U.S., China Spar at WTO, Blame Each Other for Trade Crisis
The world’s two largest economies clashed anew at the WTO Wednesday, accusing each other of undermining the multilateral trading system.
The United States and China clashed anew at the World Trade Organization on Wednesday, accusing each other of undermining the multilateral trading system, according to texts of speeches at closed-door talks seen by Reuters.
U.S. Ambassador Dennis Shea also rejected a comment made by the European Union (EU) on Monday that Washington was at the "epicentre" of the crisis.
"The crisis is caused by the fundamental incompatibility of China's trade-distorting, non-market economic regime with an open, transparent and predictable international trading system," Shea said. "It is compounded by (WTO) members' collective failure over many years to address this problem."
Shea accused China of seeking to force technology transfer and "outright steal it when it sees fit" to become the top producer, particularly in strategic industries.
"China will subsidize and maintain excess capacity in multiple industries, forcing producers in other economies to shut down. China will dump its products on our markets, claiming that all is okay because our consumers pay a bit less," he said.
"This is not acceptable."
Hu Yingzhi, deputy director general of the department of WTO affairs at China's ministry of commerce, said "reckless actions" by the Trump administration were the root of the crisis.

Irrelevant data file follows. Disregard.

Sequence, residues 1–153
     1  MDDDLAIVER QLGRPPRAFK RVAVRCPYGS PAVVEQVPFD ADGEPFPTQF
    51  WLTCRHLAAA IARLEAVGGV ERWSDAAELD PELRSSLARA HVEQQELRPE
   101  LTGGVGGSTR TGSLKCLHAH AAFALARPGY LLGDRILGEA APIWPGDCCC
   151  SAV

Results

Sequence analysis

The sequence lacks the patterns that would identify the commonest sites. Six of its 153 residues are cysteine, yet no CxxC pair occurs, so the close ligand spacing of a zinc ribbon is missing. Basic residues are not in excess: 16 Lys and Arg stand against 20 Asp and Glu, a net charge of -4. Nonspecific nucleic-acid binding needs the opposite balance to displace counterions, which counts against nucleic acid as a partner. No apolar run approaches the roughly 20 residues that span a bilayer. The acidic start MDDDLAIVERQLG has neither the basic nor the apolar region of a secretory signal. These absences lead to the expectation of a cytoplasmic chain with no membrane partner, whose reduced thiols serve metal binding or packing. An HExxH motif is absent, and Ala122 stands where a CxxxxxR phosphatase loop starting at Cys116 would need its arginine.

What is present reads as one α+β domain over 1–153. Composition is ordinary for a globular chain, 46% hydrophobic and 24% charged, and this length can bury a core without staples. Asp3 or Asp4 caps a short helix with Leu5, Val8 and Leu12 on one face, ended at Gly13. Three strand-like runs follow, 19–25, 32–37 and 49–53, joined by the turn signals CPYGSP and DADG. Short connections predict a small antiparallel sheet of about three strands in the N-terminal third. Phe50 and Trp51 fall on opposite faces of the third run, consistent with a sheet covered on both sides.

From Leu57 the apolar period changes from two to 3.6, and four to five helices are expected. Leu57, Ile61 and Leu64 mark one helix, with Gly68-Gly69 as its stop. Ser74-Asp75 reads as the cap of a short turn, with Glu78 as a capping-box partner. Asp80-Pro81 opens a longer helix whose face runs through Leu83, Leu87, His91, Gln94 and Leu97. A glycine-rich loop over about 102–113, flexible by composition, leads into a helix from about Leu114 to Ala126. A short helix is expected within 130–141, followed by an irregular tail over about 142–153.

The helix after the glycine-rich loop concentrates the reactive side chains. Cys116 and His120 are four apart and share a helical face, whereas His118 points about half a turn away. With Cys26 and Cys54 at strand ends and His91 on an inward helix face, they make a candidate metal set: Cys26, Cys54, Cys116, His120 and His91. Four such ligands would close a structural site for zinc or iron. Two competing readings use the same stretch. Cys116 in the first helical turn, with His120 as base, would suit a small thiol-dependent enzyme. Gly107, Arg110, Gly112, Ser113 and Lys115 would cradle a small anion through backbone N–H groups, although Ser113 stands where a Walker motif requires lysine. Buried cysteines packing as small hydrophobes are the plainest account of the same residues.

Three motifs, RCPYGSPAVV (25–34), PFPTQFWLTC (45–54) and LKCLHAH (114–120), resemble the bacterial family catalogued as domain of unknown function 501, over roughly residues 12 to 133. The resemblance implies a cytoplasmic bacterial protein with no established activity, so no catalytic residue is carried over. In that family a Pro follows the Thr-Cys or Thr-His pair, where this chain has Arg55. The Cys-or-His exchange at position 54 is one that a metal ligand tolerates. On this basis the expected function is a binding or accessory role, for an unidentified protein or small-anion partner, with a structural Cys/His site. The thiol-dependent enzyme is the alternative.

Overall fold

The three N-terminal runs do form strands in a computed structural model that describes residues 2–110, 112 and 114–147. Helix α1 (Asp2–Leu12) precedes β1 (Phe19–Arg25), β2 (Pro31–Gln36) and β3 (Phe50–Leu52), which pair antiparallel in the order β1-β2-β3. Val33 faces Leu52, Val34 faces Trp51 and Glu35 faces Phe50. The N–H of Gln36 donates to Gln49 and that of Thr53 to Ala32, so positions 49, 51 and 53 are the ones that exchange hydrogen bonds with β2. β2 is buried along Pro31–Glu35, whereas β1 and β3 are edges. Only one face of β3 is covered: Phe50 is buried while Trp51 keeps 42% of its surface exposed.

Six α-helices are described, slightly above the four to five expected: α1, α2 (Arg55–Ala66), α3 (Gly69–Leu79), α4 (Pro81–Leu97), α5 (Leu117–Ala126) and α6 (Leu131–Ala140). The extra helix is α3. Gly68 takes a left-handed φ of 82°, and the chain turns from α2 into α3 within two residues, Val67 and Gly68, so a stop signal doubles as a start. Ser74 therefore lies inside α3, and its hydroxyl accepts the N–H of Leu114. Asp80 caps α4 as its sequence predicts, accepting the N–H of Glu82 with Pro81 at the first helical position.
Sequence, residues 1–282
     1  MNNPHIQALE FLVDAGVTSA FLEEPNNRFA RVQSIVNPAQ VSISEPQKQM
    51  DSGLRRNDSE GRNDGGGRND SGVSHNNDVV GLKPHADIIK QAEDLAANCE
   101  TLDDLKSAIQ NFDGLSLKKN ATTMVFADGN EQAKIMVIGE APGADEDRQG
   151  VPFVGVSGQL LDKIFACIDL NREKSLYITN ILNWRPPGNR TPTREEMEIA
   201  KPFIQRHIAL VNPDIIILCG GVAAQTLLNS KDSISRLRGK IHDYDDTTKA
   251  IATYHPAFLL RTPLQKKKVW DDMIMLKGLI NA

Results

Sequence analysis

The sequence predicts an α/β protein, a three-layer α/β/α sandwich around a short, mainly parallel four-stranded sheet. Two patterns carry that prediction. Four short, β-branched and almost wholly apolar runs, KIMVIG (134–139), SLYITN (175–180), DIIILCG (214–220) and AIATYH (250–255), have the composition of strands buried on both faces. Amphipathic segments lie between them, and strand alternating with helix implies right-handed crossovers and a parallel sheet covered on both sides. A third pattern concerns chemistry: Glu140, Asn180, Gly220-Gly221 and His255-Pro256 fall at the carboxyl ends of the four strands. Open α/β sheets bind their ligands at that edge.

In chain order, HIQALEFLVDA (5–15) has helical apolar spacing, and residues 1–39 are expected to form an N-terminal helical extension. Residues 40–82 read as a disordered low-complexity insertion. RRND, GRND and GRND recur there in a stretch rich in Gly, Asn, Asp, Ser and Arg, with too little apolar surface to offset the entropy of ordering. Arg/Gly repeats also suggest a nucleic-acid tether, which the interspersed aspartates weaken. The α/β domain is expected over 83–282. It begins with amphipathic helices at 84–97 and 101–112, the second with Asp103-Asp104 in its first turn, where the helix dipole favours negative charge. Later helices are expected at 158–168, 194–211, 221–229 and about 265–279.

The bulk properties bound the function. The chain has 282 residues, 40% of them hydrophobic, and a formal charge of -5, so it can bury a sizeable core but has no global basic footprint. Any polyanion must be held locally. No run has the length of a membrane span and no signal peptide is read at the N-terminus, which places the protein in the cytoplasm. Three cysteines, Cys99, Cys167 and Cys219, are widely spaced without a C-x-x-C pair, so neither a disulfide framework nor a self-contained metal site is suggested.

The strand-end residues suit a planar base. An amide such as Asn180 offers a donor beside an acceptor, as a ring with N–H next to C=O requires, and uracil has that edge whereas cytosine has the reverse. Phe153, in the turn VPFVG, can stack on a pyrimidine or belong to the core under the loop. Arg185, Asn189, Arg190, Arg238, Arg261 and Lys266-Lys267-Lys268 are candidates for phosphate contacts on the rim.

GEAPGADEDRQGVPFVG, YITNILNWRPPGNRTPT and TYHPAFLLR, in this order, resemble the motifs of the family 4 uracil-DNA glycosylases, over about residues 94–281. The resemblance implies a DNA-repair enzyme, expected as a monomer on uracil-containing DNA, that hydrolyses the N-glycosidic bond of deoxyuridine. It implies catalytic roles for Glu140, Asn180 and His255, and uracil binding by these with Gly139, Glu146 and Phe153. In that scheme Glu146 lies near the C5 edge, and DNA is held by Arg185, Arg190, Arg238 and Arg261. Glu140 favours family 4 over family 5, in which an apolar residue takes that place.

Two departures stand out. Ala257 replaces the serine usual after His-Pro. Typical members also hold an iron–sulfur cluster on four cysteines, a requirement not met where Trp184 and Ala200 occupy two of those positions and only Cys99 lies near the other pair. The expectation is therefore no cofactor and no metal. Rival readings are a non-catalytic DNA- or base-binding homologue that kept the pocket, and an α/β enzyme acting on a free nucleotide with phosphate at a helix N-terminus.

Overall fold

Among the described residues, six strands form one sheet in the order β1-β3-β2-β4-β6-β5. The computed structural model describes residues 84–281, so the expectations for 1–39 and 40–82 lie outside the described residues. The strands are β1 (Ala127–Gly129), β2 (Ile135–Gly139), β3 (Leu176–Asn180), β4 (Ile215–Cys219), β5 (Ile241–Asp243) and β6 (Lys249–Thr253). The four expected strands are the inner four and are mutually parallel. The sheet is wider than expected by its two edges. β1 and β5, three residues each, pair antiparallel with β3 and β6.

"China absolutely refuses to be the scapegoat and excuse for unilateralism and protectionism," he said.
But Hu said China hoped that in the follow-up to the summit between President Xi Jinping and U.S. President Donald Trump earlier this month, the two powers could "move in the same direction with mutual respect to contribute to the stability of world economic and trade environment."
China and the United States agreed to a ceasefire in their trade war on Dec. 1 after their leaders' high-stakes talks in Argentina, including no escalation of tariffs on Jan. 1.
Trump will leave tariffs on $200 billion worth of Chinese imports at 10 percent at the beginning of the new year, agreeing to not raise them to 25 percent "at this time," the White House said in a statement.
But U.S. Trade Representative Robert Lighthizer said a week later that unless U.S.-China trade talks wrap up successfully by March 1, new tariffs would be imposed.